2. Place an insulating dome or other covering on outdoor faucets and spigots to help prevent inside the pipes from freezing, expanding and causing costly leaks.
  3. Drip faucets to reduce the build-up of pressure in the pipes. Even if the pipes freeze, you have released the pressure from the water system reducing the likelihood of a rupture. If you are going out of town, and suspect that temperatures will drop or a power outage will occur, turn off the water to your home and open all of the taps to drain the water system to avoid returning to wet and damaged flooring, walls and electrical.

For more winter safety and prevention information, tips and resources, visit the Great Winter Weather Party. To enter to win a KOHLER standby generator to keep your home running when the power goes out, visit the sweepstakes entry page.

13 Affordable Earthquake Safety Tips for Families and Business Owners

The nine earthquakes that rattled Dallas over the past 24 hours are reminders to take steps to protect your family, home, and business before an earthquake hits. FLASH offers the following easy and affordable earthquake safety tips for residents.

Look Up

1. Support ceiling fans and light pendants with bracing wire secured to a screw eye embedded at least an inch into the ceiling joist.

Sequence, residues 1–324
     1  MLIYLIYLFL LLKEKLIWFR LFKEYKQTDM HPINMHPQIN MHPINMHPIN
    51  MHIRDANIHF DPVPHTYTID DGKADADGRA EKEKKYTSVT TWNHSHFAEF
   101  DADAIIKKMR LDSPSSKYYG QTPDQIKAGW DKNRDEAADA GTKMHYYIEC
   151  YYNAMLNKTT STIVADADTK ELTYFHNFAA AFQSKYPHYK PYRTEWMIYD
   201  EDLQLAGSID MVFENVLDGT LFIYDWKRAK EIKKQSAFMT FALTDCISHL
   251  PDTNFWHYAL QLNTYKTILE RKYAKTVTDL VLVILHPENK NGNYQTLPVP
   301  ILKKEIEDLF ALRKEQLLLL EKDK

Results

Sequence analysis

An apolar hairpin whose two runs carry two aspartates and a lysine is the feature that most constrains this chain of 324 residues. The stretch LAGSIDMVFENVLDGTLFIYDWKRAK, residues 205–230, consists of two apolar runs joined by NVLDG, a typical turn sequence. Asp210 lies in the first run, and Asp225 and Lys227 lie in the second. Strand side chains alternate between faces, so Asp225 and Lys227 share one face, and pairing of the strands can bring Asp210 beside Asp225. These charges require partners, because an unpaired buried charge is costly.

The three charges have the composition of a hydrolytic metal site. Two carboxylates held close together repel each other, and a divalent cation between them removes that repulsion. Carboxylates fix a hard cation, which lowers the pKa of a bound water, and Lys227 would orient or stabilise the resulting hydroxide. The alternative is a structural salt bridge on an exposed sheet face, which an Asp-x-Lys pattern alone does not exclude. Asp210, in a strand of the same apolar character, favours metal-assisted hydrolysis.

Look Around

Secure hanging artwork and heavy furniture with these easy and affordable steps.

2. Anchor the tops of bookcases, file cabinets and entertainment centers to one or more studs with flexible fasteners or metal “L” brackets and screws to prevent tipping.

3. Secure loose shelving by screwing into the cabinet or with earthquake putty placed at each corner bracket.

4. Secure china, collectibles, trophies, and other shelf items with earthquake putty.

5. Install a lip or blocking device to prevent books or other articles from falling off shelves.

6. Secure televisions, computers, and stereos with buckles and safety straps that also allow easy removal and relocation.

7. Install latches on cabinet doors to prevent them from opening and spilling out their contents.

8. Hang mirrors, pictures and plants using closed hooks to prevent items from falling.

9. Cover windows with approved shatter-resistant safety film to protect against broken glass.

Look Down

Prevent post-earthquake fires with these easy and affordable steps.

10. Ensure appliances have flexible gas or electrical connectors.

11. Strap the top and bottom of a water heater using heavy-gauge metal strapping secured to wall studs.

12. Locate your gas shutoff valve and ensure you know how to turn off the gas supply to your home with the use of a suitable wrench.

13. Relocate flammable liquids to a garage or outside storage location.

For additional resources for businesses visit the FLASH and FEMA QuakeSmart initiative. For more how-to earthquake information, residents can visit the Protect Your Home in a FLASH video library.

Holiday Winter Preparedness Gift Ideas from FLASH